ADA and Web Accessibility Compliance
The principle of digital accessibility is providing equal access to all web users, including those with a disability. So, how do you know if you’re meeting that goal and whether you are legally required to meet that goal? As 2018 begins to wind down, it’s an opportunity to review the current state of affairs in digital accessibility.
When the Americans with Disabilities Act became law in 1990, modern communications technologies such as the Internet were still in their infancy. But now, with the rise of digital channels such as websites and mobile applications, it raises questions. While it doesn’t specifically mention them; the ADA has been widely interpreted to extend to websites.
Accessibility Lawsuits Indicate Websites are Places of Public Accommodation
The ADA prohibits discrimination by government entities and in places of public accommodation. So, does the ADA apply to websites? The rise in accessibility lawsuits this year points to “yes.” Just this year alone there were 150 digital accessibility lawsuits filed in both June and July.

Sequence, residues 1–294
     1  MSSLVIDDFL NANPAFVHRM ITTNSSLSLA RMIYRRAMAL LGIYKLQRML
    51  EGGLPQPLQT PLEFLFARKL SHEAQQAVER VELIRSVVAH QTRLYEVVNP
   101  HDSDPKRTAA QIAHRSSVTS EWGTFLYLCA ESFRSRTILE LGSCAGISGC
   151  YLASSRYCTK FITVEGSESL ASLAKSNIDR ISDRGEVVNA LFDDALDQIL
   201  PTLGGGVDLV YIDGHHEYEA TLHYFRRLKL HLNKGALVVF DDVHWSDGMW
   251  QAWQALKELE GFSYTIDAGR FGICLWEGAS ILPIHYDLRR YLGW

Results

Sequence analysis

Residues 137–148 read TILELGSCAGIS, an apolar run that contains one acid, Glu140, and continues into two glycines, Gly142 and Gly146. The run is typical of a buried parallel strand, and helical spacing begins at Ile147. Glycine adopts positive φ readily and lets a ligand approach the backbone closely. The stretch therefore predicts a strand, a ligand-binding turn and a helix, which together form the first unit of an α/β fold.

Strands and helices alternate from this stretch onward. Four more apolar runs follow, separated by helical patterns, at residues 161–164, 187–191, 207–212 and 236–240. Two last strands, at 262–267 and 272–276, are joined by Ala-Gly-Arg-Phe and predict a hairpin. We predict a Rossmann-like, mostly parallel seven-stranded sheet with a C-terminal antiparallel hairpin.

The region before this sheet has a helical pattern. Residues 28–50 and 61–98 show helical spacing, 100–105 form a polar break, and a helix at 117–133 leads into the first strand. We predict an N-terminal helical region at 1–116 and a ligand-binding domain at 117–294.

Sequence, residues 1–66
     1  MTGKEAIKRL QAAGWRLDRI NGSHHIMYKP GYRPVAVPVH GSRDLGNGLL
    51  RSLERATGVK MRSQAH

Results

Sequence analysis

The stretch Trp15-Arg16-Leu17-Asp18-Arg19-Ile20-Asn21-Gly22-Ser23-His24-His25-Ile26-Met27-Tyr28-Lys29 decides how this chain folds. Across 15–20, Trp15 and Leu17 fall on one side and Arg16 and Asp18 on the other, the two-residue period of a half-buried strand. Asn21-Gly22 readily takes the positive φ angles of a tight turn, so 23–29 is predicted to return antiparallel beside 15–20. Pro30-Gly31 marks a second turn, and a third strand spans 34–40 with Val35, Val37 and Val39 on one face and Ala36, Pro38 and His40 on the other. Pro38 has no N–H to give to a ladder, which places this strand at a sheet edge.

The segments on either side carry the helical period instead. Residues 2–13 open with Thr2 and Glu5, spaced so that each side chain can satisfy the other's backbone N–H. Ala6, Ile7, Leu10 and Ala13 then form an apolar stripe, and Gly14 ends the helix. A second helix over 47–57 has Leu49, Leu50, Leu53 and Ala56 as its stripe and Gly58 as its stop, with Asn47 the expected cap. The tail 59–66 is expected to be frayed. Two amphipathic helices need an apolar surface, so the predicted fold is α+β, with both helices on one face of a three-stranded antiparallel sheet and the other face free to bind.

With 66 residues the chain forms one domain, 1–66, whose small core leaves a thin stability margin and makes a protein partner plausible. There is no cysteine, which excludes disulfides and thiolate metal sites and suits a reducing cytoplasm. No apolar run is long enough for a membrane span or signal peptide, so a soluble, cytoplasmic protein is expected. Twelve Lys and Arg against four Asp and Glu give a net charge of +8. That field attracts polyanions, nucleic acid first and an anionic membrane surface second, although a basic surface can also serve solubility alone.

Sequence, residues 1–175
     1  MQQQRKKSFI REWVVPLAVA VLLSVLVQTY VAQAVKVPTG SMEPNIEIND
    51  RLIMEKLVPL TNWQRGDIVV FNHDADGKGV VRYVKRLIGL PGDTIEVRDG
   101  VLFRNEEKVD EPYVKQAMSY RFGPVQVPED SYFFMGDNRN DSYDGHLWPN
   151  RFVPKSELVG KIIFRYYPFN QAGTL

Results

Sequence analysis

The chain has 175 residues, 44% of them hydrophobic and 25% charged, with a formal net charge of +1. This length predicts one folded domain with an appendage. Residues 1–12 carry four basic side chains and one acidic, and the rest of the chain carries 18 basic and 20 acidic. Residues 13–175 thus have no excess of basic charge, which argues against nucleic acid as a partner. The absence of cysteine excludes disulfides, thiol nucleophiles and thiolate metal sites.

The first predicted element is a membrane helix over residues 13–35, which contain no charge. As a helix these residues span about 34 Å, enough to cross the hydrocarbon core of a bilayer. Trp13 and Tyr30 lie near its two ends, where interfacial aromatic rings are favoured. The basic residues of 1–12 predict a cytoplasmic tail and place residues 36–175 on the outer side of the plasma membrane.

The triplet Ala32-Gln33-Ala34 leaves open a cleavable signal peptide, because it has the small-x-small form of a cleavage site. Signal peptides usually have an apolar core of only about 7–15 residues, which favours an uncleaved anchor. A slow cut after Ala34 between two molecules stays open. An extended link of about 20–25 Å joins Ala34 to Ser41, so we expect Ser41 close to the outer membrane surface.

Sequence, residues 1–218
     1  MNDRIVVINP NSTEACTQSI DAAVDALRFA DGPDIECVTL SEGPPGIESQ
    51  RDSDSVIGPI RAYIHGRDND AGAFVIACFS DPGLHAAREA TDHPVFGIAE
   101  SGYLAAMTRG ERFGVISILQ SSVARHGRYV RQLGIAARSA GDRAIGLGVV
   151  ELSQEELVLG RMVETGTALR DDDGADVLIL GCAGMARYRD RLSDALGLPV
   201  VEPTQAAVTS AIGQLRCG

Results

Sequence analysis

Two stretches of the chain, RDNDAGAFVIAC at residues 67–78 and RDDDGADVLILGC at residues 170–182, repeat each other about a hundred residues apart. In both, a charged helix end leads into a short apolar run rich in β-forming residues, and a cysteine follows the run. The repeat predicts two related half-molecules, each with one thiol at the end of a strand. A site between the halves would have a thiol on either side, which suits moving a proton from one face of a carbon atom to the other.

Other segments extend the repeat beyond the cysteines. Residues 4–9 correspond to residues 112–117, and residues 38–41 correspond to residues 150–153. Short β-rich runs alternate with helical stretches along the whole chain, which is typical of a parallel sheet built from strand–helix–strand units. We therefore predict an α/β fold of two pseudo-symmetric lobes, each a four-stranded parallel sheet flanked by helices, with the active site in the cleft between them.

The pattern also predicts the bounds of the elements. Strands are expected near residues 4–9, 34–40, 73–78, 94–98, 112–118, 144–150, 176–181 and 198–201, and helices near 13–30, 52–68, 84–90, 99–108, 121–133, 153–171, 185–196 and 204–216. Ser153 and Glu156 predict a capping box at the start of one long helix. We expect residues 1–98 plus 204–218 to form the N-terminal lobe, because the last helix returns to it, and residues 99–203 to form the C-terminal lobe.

Section 508 Updates
In addition to the ADA, you’ll often hear Section 508 associated with web accessibility. The Rehabilitation Act of 1973 requires equal access to federally-funded programs and activities. Section 508 of the law deals with digital access to those resources by both federal employees and the public — and it was recently updated.
As of January 2018, federal agencies and contractors must meet revised Section 508 standards, which were updated to catch up to evolving digital capabilities. The revisions include several advancements, notably: the recognition of WCAG 2.0 as the industry standard in accessibility and the requirement that all public facing, and some non-public facing, official agency business content be accessible.
WCAG 2.1 Enhances WCAG 2.0
The Web Content Accessibility Guidelines, which are the typically accepted standards in digital accessibility, also grew in 2018.
WCAG 2.0 was created in 2008 and the technology advancements in the 10 years since have been incredible. This means that as developers continue to find new ways to deliver information on a growing number of devices and screen sizes, the 2008 guidelines have become more difficult to fully understand and apply today.
Enter WCAG 2.1. Published in June of this year (2018), WCAG 2.1 adds to and does not replace WCAG 2.0. Because of this, adhering to WCAG 2.1 mea